In addition to the water access, the agreement provides a platform for “friendly collaboration” over access and the use of new and existing roads to move ore, materials and products within the companies’ tenements, Australian Vanadium added.

The Australian Vanadium project is currently one of the highest-grade vanadium projects being advanced globally, according to the company, with 208.2 Mt at 0.74% V₂O₅, containing a high-grade zone of 87.9 Mt at 1.06% V₂O₅ reported in compliance with the JORC Code 2012.

A December 2018 prefeasibility study laid out plans for an open-pit operation, with a crushing, milling and beneficiation plant, and refining plant for final conversion and sale of high-quality vanadium pentoxide.

Vincent Algar, Australian Vanadium’s Managing Director, said securing access to sufficient quality water resources to use in the mining and beneficiation process was one of the company’s highest priorities. “Access to excess water flowing into Westgold’s pits allows us to progress the project with increasing confidence,” he added.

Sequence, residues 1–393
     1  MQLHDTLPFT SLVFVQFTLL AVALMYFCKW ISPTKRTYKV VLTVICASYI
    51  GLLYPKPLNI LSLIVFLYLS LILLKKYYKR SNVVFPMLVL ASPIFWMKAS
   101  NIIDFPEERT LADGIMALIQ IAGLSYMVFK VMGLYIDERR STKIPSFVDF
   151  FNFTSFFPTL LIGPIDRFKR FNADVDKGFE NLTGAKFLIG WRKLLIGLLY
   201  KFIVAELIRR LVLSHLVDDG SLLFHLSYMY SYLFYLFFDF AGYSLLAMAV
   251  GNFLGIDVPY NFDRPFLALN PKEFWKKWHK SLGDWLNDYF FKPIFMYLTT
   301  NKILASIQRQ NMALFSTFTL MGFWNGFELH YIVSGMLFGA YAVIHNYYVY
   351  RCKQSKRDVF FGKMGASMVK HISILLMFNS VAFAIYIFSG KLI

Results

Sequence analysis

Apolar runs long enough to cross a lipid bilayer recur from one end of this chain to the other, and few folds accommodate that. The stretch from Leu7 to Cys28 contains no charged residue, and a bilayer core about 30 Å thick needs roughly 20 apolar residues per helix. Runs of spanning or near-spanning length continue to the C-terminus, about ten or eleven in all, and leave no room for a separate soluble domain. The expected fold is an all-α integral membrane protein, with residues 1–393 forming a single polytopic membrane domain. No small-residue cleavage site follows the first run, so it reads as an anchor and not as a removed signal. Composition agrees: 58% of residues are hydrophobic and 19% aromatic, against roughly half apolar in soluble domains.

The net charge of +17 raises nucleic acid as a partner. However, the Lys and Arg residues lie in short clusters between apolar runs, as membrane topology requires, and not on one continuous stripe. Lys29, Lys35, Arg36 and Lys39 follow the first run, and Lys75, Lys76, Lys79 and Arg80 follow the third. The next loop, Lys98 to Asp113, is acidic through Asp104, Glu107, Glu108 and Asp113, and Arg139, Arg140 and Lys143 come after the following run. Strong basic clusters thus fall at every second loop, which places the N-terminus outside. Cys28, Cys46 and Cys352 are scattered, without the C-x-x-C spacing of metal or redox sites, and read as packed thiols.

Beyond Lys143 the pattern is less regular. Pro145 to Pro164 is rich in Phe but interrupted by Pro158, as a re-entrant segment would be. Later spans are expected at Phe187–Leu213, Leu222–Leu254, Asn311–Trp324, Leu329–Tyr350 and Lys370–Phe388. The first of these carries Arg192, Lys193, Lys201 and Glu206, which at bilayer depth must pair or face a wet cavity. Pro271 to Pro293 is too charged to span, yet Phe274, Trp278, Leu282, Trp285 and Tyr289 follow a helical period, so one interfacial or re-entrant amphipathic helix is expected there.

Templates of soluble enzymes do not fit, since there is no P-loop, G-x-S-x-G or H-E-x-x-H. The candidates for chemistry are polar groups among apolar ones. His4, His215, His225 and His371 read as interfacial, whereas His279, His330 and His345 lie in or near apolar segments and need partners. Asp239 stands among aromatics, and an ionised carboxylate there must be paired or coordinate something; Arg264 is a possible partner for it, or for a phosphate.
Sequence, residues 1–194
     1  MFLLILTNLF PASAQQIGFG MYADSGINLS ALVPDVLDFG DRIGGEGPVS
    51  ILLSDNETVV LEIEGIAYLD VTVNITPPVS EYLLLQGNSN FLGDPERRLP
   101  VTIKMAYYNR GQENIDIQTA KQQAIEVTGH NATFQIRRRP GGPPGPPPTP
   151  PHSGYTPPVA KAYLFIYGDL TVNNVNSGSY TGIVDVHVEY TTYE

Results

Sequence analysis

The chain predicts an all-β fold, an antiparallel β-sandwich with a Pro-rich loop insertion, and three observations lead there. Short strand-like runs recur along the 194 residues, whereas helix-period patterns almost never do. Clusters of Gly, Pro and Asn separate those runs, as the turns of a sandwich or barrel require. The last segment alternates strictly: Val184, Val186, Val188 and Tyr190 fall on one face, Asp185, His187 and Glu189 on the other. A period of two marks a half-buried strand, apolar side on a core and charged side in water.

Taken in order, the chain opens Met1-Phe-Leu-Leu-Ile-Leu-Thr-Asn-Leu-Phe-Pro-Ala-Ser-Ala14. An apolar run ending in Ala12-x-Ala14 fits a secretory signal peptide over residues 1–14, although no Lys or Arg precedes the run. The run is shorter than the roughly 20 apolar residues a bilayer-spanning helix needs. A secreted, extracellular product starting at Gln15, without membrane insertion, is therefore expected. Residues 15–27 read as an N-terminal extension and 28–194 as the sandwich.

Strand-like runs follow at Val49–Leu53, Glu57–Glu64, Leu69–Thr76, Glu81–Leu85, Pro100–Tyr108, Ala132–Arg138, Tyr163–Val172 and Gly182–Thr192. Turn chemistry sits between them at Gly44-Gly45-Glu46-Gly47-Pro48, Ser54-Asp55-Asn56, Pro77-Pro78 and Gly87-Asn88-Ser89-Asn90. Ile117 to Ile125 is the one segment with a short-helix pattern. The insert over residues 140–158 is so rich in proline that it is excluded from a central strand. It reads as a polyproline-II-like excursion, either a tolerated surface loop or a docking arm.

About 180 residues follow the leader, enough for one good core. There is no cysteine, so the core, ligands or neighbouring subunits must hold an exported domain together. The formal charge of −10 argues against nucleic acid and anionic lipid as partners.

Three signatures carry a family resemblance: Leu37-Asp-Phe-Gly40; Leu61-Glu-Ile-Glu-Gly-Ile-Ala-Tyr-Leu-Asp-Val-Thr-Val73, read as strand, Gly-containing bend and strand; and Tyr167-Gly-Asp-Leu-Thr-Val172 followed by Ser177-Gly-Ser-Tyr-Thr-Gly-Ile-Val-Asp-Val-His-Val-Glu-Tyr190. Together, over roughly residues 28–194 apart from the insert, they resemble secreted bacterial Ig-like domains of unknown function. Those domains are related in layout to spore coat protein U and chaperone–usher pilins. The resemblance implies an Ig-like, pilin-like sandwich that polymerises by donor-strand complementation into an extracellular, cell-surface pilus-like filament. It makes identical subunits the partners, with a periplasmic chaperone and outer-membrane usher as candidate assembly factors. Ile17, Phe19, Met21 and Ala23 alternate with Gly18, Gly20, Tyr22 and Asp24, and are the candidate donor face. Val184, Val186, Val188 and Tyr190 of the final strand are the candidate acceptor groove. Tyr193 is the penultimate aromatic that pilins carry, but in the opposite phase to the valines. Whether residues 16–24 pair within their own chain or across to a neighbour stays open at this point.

“Western Australia has limited high-quality water resources, so innovative collaborations such as this agreement with Westgold can assist both the EPA (Environmental Protection Authority) and DWER (Department of Water and Environmental Regulation) with their water management and environmental custodianship, whilst allowing this critical project to progress.”

The key terms of the agreement are:

  • Westgold will not object to AVL’s proposed Miscellaneous Licence applications to enable Australian Vanadium to access, extract and establish infrastructure for pumping and relocation of water from one of the Reedy’s location open pits to the company’s desired location;
  • Any works will be undertaken at AVL’s cost and risk;
  • Access to Westgold and Australian Vanadium’s access roads will be permitted on a reciprocal basis;
  • Co-operation will be undertaken in good faith and in a timely manner;
  • A formal access agreement to secure Australian Vanadium’s Miscellaneous Licences and associated pumping infrastructure can be established, if required; and
  • The letter of agreement is set to progress to a formal agreement within three years, otherwise the agreement expires.